He knows his real audience. '4-hour Camp of the Saints ASMR, don't forget to like and subscribe.' https://t.co/Ydta7b7fDM
— Zeddy (@Zeddary) September 24, 2019
Hayes Brown, at Buzzfeed, on a speech “Filled With Dog Whistles And Unbridled Nationalism”:
… President Donald Trump… in his third appearance at the annual opening of the UN General Assembly was more forceful than ever in declaring the importance of not just nationalism, but a devotion to country and history, in a speech that repeated tropes used by the white nationalist and anti-Semitic portions of his base.
“Like my beloved country, each nation represented in this hall has a cherished history, culture, and heritage that is worth defending and celebrating and which gives us our singular potential and strength,” Trump said. “The free world must embrace its national foundations. It must not attempt to erase them or replace them.”
“The future does not belong to globalists,” he continued, “the future belongs to patriots.”
And in an extended section about the dangers that unchecked immigration represents, he provided “a message for those open-border activists, who cloak themselves in the rhetoric of social justice. These policies are not just. Your policies are cruel and evil.”
“When you undermine border security, you are undermining human rights and dignity,” he said. “Many of the countries here today are coping with the challenges of uncontrolled migration. Each of you has the absolute right to protect your borders. And so, of course, does our country.”
While the words may have been wrapped up in the patina of an international address, the rhetoric at its core has gained a certain familiarity in recent years. Members of the so-called alt-right and white supremacists in the dark corners of the internet have targeted Jewish public figures as “globalists” with increasing volume since the run-up to the 2016 election…
While he did cover some of the more traditional issues that the US tends to bring up at the UN — he spoke about trade, upholding the rights of women and LGBTQ people, and North Korea’s nuclear program during his time at the podium — Trump shifted back into his emphasis on nationalism toward the end of his speech, leaning into the criteria of just who gets to be a citizen and who does not.
“The true good of a nation can only be pursued but those who love it, by citizens who are rooted in its history, who nourished by its culture, committed to its values, attached to its people, and know that its future is theirs to build or theirs to lose,” Trump said…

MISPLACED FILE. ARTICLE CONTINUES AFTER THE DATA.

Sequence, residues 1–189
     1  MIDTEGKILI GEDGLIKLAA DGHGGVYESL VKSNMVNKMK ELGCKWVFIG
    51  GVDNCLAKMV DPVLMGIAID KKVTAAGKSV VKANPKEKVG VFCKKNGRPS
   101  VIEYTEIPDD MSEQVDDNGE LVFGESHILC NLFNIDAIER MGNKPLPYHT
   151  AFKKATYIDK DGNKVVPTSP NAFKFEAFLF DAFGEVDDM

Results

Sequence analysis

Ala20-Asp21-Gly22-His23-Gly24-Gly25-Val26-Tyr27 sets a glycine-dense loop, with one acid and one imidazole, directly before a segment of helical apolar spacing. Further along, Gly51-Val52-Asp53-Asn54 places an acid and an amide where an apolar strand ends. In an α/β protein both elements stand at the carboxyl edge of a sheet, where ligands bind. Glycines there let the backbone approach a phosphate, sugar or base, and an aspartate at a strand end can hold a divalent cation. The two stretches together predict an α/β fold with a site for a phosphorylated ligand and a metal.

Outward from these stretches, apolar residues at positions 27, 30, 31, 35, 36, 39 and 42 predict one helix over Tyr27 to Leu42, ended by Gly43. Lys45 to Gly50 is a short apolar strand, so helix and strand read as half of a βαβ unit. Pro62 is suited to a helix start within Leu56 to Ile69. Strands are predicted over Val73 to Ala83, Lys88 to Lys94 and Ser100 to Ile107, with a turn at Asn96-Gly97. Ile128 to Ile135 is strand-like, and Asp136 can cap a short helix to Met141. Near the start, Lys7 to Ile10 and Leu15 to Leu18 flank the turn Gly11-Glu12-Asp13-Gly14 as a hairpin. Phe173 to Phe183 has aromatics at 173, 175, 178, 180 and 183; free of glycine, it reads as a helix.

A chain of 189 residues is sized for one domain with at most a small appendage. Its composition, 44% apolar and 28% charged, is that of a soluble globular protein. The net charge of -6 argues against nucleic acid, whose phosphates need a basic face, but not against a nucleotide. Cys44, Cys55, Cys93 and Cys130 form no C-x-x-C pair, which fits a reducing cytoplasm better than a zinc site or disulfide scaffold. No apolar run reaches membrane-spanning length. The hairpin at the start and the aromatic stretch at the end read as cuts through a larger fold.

"Globalism exerted a religious pull…"
Dogwhistle to air-raid siren.
— Charles P. Pierce (@CharlesPPierce) September 24, 2019
Righteous fisking by Mr. Pierce:
Let me sum up the speech delivered by El Caudillo del Mar-a-Lago in New York Tuesday morning, for those of you who dozed off as quickly as Wilbur Ross did. The president* explained to, you know, the United Nations that it’s pretty much every country for itself, as far as he’s concerned. The audience was an oil painting throughout. The text was lugubrious, dispirited, distasteful, and altogether Stephen Miller. He pretty plainly was seeing the speech for the first time as he was delivering it. The address was the rhetorical equivalent of a tranquilizer dart.
(WAKE UP, WILBUR!)
Much of it also made no sense…
Globalism exerted a religious pull over past leaders causing them to ignore their own national interests. Those days are over.
A “religious pull.” And what religion do these international economic puppet-masters follow, I wonder? He went on to accuse immigration activists of being in league with “vicious coyotes.” He sleepily accused Iran of all manner of international perfidy and gave China a few whacks. In what may have been an attempt to wake his audience up through sheer incoherence, he somnambulated his way through some anti-abortion rhetoric. It was at that point that I began to envy Wilbur Ross…